If active repairs on DTs are done for this utility based on the guidelines mentioned in Section 2.1, Gross opportunity (savings from technical loss reduction) for the utility comes to INR 91.5 Cr, in a period of 10 years.
Against these, the cost of Active repairs (including cost of one-time Health Diagnostics, regular preventive maintenance, periodic oil change and filtering, future breakdown repairs, installation and transportation of DTs etc.) is estimated to approx. INR 21.1 Cr, which results in a Net savings opportunity of INR 70.4 Cr.
Even after considering a Finance cost of INR 7.96 Cr to fund the active repairs, the Net additional profitability is INR 62.5 Cr for the utility, with a ROI of 150% and Payback period of 2.74 Years.
This case is however still limited considering the 10 years timeframe considered for the utility. For other utilities with continued business perpetuity, like the state Discoms, the business case can be much bigger and much more attractive. The financing for such Energy Efficiency intervention can likely come through some form of programmatic financing.
Need for integrated player in DT management
Given the scenario, it is likely that a third party with capabilities in transformer maintenance and repairs, energy management and finance could play a significant role in the management of DTs going forward. This could be a Managed Service Provider (or MSP) who is a dedicated third party company (it can be a DT manufacturer or service provider), procuring and managing Distribution Transformers for a utility based on agreed Service Level Agreements (SLAs). This MSP can help restore the technical losses to near Ideal levels and add huge value in terms of loss reduction savings and manage DT assets with best practices.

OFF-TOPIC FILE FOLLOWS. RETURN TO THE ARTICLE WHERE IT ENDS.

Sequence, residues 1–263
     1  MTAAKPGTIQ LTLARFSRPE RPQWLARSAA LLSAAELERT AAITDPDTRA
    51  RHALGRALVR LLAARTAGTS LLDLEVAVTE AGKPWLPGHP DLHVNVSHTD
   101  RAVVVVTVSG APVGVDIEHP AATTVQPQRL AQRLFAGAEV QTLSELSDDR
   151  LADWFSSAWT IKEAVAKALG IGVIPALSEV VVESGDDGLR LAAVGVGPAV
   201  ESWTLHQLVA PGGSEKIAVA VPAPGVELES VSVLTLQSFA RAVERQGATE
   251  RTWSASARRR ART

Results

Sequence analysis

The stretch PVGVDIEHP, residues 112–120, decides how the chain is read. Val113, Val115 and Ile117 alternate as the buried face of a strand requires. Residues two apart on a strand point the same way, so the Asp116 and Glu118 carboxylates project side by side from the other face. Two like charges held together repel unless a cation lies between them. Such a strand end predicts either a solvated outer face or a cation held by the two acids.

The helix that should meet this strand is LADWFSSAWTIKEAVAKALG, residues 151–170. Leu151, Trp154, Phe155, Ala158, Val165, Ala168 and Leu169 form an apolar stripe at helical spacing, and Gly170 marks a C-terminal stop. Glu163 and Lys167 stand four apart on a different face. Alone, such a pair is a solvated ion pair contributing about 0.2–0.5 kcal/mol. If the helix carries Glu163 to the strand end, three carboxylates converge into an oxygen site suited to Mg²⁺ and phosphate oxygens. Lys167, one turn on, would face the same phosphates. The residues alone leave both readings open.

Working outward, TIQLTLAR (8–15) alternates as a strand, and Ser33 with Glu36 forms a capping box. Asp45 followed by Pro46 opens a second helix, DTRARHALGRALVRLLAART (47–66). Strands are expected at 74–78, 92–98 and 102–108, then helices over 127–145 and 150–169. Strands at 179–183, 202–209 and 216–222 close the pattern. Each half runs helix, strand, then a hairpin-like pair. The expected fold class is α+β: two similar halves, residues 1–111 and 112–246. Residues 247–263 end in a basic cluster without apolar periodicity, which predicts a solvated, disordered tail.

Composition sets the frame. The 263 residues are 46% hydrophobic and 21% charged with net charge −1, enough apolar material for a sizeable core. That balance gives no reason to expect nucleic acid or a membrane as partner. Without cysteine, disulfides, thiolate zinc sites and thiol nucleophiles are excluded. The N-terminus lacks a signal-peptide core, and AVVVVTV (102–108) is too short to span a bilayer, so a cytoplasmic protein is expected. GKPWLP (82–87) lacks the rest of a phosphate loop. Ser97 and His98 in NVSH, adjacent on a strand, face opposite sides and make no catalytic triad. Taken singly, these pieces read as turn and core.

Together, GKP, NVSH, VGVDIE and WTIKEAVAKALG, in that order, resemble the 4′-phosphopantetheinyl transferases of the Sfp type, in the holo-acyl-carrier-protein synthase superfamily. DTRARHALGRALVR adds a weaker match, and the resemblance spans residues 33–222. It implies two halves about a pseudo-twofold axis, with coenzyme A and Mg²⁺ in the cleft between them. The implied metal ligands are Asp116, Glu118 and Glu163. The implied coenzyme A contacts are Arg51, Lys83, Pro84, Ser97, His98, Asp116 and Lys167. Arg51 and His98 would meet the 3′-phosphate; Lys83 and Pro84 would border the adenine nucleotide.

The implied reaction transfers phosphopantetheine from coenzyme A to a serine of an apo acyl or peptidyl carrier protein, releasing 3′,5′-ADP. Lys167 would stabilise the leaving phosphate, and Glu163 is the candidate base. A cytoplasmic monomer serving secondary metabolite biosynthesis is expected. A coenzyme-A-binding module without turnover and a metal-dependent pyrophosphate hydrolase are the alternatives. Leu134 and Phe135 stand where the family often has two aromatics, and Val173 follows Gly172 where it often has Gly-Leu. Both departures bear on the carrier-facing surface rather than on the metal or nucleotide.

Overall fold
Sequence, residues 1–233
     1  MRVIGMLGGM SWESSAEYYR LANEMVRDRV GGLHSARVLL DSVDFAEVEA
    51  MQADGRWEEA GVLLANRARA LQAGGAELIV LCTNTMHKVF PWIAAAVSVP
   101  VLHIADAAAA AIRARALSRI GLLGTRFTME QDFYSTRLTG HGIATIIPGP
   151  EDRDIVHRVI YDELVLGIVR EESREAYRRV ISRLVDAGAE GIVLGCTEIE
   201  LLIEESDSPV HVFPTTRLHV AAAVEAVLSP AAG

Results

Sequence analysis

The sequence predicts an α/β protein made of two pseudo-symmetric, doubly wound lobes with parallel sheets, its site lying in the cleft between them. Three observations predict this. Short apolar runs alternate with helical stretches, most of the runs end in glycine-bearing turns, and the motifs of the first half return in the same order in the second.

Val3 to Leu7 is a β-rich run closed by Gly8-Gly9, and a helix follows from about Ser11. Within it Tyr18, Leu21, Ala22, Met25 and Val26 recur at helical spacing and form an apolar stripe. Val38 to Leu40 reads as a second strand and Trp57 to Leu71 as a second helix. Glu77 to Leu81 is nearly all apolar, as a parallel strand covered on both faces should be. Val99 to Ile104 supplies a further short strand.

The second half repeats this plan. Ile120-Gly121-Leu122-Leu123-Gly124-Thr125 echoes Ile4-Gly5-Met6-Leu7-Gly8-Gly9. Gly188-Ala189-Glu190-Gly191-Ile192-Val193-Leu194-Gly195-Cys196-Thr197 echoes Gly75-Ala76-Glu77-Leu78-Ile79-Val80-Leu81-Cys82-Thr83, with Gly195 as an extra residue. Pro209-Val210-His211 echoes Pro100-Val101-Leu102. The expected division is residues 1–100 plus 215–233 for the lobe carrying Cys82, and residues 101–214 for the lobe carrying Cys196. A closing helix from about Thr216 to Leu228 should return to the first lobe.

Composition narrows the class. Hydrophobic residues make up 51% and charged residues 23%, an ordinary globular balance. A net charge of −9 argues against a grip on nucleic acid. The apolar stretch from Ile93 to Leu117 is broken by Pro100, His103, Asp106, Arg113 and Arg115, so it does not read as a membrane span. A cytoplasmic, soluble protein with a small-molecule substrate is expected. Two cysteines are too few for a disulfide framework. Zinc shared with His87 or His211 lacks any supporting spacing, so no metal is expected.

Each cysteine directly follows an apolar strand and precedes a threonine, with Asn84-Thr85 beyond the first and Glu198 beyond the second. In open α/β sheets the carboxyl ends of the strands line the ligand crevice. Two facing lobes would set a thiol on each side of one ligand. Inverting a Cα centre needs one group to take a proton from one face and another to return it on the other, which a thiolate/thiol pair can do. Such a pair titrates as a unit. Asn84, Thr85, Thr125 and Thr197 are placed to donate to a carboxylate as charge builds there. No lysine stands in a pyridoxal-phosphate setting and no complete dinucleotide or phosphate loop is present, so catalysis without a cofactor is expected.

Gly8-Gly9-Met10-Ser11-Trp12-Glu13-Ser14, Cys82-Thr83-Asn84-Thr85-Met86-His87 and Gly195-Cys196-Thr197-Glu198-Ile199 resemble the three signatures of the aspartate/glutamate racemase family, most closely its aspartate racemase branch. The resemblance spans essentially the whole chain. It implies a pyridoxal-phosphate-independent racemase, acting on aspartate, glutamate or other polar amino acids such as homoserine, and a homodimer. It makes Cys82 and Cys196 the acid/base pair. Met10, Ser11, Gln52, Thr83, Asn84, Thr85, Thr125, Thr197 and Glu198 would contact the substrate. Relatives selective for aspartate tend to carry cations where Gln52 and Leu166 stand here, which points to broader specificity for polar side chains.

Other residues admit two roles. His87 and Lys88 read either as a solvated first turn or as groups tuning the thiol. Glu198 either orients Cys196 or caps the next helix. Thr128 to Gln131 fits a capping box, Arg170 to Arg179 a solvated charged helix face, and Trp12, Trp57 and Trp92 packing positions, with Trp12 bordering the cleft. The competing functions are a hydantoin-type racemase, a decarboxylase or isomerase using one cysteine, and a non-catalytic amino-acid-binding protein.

• Single agency ownership across life cycle of DT Management (from Procurement, O&M, Repairs, Scrapping etc.)
• Defined and agreed upon SLAs, and payments tied to performance of MSP. Some key parameters and its commitment by MSP are mentioned below:
– To maintain technical losses for all DTs within maximum 10% of ideal loss levels
– To ensure timely replacement / repair happens from inventory in case of any failure/breakdown
– Reduction in DT Failure/Breakdown Rate
– Regular maintenance
– Detailed reporting of DTs maintained, DTs repaired, etc.
• Reduce and maintain no load and load losses for all DTs within maximum 10% of Ideal loss levels
• To ensure a minimum DT failure/breakdown rate (e.g. within 2% in our business case with a utility)
• Regular maintenance, oil change and timely repairs
• Additionally, MSP could also support functional uptime of other assets tied to DT like Energy Meters, Capacitor Banking etc.
• Detailed reporting of DTs maintained, DTs repaired, etc. by MSP
Source: International Copper Association India (ICAI)